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Google super-brain to harvest human behaviour

functionpix | May 28, 2007 
Alec Simpson

Internet search giant Google is planning to build the world's most powerful human database computer that will one day not only be able to log but also it will predict our every move.

The worlds most powerful search database has announced plans to build the database with full backing from the US government. It is the biggest Orwellian style threat to civil liberty and a threat to human privacy ever conceived and many are saying that this sort of system should not be allowed.

Google argue that it is purely a marketing and general life assistant type of application that will be able to predict what it is we might need without us actually realising it. It says that by organising the world's information and collating every piece of data that it can hold about it's users it can guess what people will look for.

Ultimately, it plans to make Google so personal that it will be able to target specific people who it knows are interested in certain genres an subjects. It says it will collate this data from all of it's search engine information and that it already knows a great deal about what we look for, when we look for it and why.

Google say that it will be so advanced that it will be able to predict market trends, fashions and fluctuating moods and human behaviour. It is almost digitizing the human psyche. Others say that it will use the information to direct and influence our trends and instead of forecasting what we will need, it will be suggesting what we need according to their own influences.

The internet search giant argue that in theory there should be no problem. In fact, the new database could make life easier - perhaps even better. For example if you want to buy a particular book from a certain site, Google could locate other sites selling the same book at a cheaper price or it could recommend other books by the same author.

The same could also work if you want to buy a television or a holiday and the search engine could bring up the best buy on the net.

In setting up this database Google says it is giving customers what they want and that any information collated will be volunteered. Users will only be identified by name if they sign up to one of the log-on services such as G-mail or Froogle.

However, critics fear the database is the next step towards an Orwellian Big Brother state and that once Google has been allowed or even endorsed to ‘harvest' all our most intimate daily habits, then we are dangerously close to the next step of total computer dependency.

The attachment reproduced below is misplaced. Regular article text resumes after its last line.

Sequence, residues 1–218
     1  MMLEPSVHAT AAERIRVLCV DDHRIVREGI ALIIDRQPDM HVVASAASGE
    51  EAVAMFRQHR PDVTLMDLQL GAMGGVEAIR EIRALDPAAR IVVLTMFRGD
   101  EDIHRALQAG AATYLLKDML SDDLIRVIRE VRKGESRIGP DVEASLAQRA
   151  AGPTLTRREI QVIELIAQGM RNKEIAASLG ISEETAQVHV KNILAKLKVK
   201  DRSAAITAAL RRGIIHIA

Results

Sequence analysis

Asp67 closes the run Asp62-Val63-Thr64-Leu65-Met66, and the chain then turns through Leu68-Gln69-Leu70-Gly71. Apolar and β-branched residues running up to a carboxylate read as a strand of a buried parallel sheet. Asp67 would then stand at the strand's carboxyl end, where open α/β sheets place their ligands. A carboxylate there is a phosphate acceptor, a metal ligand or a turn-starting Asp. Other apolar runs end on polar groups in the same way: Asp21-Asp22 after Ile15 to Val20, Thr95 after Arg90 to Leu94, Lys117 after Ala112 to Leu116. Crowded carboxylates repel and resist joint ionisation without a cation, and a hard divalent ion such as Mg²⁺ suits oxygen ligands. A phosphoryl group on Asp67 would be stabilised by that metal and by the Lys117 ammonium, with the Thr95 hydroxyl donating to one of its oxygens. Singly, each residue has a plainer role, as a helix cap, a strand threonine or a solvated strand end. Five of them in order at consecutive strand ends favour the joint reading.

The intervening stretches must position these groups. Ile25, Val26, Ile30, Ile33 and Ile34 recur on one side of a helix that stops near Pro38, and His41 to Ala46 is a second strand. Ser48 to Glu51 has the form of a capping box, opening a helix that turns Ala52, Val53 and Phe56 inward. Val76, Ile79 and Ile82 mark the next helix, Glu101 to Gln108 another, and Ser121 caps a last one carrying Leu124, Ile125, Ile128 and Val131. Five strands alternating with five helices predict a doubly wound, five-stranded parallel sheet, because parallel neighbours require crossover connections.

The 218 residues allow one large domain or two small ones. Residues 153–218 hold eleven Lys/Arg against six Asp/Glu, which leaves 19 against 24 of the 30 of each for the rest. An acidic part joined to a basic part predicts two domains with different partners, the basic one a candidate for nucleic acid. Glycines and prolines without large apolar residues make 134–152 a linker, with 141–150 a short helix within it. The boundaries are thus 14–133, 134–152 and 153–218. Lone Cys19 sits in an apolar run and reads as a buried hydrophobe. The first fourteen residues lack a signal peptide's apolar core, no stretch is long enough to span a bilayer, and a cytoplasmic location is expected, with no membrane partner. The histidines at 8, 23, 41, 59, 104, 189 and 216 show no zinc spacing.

While we already are living in a closely monitored society, we are almost becoming too used to seeing powerful cameras on every street corner and using store cards that log our every move and we are even willing to use websites such as Bebo, Myspace or friends reunited where even more personal data is stored, farmed and in some cases sold.

Protestors see the declaration for such a system as an infringement of civil liberties by stealth by a company that wants to turn the personal database into a lucrative marketing tool.

Like all businesses Google is driven to make money which it does through multi-million pound advertising sponsorship.This means consumers have no idea whether or not the information being given is impartial or whether something is being recommended of a big money deal.

In truth, people would not tolerate being followed around the shops day by day by some stranger taking notes of everything they buy, writing about the reasons behind their purchase and trying to steer them towards certain shops. So why should we put up with it in the virtual world?

Privacy protection campaigners fear that in certain circumstances law enforcement agents could force internet search engines to surrender personal information and already in it's short existence, Google hold the largest compilation of personal information ever stored.

Google has bought the targeted advertising company Doubleclick which further monitors users on a wide range of websites, and deploys "cookies" - small software programs that embed themselves into people's computers to keep track of what they are looking at.

And it has also invested £2m in genetics company 23andMe - a move which sceptics of the database are calling ‘very worrying'.

Surely the best advice is, as in real life, if you are concerned about privacy, don't give out and personal information unless you know exactly who will be reading it. But in most cases, it proves impossible to use the internet without disclosing such information – as most sites insist that they have such data before you can access the site.

Also under the Data Protection Act information must only be used for the purposes it was given and Google has said it plans to impose a limit on the period it keeps personal information.

Google has been around for many years now and is a very much respected resource. It has proved itself to be the best of its kind. Although it has in the past resisted US government court applications to hand over personal information it holds on some users – it could also resist future demands to part with other information. But in this age of the super information technology, knowledge is super-power.

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